he trillions of microbes that live in your gut help digest your food and protect you from potentially harmful bacteria, fungi, and viruses. They also make some vitamins for you. The more diverse this community, the better it is for your health.
So how do you boost diversity in your gut microbiome? Diet and medications can make a difference, but not always in predictable ways: Fruits and veggies, for instance, are good for the gut — but so is coffee. Frequent snacking isn’t helpful. Eating yogurt is.
That analysis comes from two large studies, the Flemish Gut Flora Project and the LifeLines-DEEP project, that set out to identify factors that affect the hundreds of microbial species living in the average person’s gut. Their analyses were published Thursday in Science.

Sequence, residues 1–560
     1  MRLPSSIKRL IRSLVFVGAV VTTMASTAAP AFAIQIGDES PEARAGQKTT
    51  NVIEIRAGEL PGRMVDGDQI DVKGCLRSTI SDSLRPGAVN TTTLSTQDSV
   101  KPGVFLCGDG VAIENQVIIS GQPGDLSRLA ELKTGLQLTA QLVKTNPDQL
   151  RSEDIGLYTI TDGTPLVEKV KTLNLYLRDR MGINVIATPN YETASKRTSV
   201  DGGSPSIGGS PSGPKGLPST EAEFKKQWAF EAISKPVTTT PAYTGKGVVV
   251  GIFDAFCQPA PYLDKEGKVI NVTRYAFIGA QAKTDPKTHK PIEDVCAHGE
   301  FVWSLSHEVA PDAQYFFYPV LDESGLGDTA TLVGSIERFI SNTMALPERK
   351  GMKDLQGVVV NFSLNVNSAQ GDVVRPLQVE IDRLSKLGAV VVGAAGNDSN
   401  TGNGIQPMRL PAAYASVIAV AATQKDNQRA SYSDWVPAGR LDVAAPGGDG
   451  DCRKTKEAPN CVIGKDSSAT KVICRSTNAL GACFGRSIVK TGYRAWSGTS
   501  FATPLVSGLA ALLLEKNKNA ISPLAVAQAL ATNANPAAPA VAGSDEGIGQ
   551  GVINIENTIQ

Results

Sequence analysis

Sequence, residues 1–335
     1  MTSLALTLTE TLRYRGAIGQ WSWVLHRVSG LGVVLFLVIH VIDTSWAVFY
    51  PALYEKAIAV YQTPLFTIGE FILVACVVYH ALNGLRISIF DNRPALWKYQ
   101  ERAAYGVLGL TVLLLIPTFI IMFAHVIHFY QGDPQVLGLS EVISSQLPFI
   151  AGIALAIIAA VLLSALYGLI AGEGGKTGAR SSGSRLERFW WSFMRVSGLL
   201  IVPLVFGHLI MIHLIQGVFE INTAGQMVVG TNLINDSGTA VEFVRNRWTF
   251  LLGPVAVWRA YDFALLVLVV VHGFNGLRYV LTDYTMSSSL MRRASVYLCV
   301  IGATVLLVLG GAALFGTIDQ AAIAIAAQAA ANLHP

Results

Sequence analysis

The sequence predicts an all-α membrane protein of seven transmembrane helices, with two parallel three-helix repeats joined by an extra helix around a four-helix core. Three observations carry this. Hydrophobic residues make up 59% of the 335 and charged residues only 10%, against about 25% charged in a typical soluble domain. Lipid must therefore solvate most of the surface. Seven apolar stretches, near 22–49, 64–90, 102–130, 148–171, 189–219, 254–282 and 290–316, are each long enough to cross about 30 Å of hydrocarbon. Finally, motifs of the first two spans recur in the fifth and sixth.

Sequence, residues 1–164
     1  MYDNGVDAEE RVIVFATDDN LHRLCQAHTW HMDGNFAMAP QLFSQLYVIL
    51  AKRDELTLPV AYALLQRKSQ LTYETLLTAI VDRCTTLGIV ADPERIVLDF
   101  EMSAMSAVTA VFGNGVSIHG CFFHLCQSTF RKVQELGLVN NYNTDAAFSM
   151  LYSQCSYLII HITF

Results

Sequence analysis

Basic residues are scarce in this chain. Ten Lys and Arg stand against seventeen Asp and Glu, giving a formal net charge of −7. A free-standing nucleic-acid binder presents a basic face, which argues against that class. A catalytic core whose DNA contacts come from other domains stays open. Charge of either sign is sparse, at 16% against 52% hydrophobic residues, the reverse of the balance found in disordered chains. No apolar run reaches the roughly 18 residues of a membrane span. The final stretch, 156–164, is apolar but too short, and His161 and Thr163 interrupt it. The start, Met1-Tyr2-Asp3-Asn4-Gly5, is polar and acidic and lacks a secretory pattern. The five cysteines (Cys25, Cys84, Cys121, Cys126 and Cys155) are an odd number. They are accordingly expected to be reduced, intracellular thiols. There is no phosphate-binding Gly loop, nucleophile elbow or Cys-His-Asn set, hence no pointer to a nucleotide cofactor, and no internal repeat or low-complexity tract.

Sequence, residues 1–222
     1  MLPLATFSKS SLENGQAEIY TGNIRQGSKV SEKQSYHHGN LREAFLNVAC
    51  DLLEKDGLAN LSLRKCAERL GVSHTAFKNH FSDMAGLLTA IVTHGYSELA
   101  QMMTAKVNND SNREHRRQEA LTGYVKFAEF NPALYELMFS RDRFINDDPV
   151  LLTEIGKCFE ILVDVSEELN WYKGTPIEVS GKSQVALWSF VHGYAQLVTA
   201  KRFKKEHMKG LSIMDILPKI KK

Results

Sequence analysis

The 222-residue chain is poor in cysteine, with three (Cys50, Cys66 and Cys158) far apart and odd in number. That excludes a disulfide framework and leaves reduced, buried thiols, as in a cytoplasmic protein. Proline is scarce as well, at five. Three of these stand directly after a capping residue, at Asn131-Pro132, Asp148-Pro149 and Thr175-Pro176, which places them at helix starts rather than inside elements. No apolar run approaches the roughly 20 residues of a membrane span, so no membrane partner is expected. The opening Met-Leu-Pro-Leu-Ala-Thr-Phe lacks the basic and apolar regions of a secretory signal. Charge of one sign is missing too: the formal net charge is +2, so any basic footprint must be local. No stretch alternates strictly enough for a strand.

Among the findings:
Good foods for boosting the gut microbiome
- Fruit and vegetables
- Red wine
Bad habits that hurt the microbial ecosystem
- A high-calorie diet
- A high-carbohydrate diet
- Sugar-sweetened beverages
- Frequent snacks
- Whole milk
Diet isn’t the most important factor, however: In the Flemish Gut Flora Project, medications had the biggest influence on gut microbiome diversity. Antibiotics, proton-pump inhibitors (taken to ease heartburn), and metformin (a common diabetes drug) were all linked to lower diversity. So were diseases such as ulcerative colitis, inflammatory bowel disease, and chronic fatigue syndrome.
Younger people, women, nonsmokers, and those with more red blood cells or harder stools (as opposed to loose stools) tended to have more diverse microbiomes.
Keep in mind that these reports describe association studies that looked at gut microbiome diversity in populations. How their results translate to individuals remains to be seen.